Hives, or the medical term “urticaria” is a common allergic disorder in which a red, itchy, lumpy skin rash appears ‘out of the blue’. The skin lumps are known as weals. 15-20% of the population would experience hives at some point of their lives.
Urticaria is caused by the release of histamine, a chemical substance the body produces when there is an allergen. The allergen, something that stimulates allergic reaction, can be many things, some common causes are foods, drugs, and infestations, but in 50% of cases, the real cause is unknown.
Most of the time, no test are required. Your doctor will diagnose by the symptom and evaluating the skin. The main examination should be making sure your throat, or airway, is not involved, since obstruction of the airway can be fatal (read below in Red Flag).
What is the treatment?
- First rule is avoiding the possible allergen.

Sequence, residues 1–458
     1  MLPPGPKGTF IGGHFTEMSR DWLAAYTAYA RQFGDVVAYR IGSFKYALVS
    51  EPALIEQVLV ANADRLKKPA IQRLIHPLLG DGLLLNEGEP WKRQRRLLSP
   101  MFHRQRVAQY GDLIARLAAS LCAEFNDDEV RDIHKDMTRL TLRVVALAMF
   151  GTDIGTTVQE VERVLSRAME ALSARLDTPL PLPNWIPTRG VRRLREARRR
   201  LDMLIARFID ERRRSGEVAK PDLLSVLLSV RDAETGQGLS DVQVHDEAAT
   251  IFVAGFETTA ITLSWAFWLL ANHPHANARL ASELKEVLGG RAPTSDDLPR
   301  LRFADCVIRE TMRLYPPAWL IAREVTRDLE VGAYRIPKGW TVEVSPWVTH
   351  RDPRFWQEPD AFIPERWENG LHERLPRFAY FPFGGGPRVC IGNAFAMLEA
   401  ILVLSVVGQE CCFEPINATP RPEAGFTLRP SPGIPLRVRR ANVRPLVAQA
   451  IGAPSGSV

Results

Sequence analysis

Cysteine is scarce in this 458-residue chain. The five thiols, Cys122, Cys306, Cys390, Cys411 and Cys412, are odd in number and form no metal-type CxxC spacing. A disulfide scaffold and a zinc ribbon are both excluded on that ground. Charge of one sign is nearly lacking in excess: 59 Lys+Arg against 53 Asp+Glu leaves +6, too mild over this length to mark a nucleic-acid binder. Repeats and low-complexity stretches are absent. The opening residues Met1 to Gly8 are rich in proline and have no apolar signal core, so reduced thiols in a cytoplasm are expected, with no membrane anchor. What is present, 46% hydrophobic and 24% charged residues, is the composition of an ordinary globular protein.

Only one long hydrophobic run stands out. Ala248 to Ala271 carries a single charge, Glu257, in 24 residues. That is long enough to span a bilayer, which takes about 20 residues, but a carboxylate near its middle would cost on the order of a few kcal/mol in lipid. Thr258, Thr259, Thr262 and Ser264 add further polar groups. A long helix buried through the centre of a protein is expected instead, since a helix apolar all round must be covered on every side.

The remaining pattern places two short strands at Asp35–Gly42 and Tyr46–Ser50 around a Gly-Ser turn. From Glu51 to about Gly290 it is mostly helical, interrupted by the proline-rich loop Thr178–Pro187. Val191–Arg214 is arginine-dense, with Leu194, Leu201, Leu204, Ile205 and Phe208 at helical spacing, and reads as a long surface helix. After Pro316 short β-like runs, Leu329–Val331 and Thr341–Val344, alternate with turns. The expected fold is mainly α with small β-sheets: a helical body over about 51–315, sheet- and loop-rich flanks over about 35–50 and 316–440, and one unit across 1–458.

- Anti-histamine. Most are available over the counter, but when these don’t relieve the symptoms you should see a doctor, who might prescribe another type of antihistamine or add other medications.
- Calamine lotion.
- Cold water compresses.
- Decrease activity. Avoid getting hot and sweaty.
- Avod alcohol and caffeine-containing drinks.
Most urticaria will resolve completely after 2-3 weeks, without treatment. When the symptoms persist more than 6 weeks, it is called chronic urticaria. This chronic conditions affects 1% of the population and is a frustrating condition for both the patient and caregiver. While acute urticaria does not need any additional test, your doctor will suggest some test for the chronic condition. Anti-histamines are still the main therapy for chronic urticaria, with additional medications, which might include steroids.
If you notice swelling of the lips and around the eyes, especially when you feel short of breath, you should see a doctor immediately. This condition may be an early sign of the serious form of urticaria, angio-edema, where the lining of the throat swells and can obstruct the airway.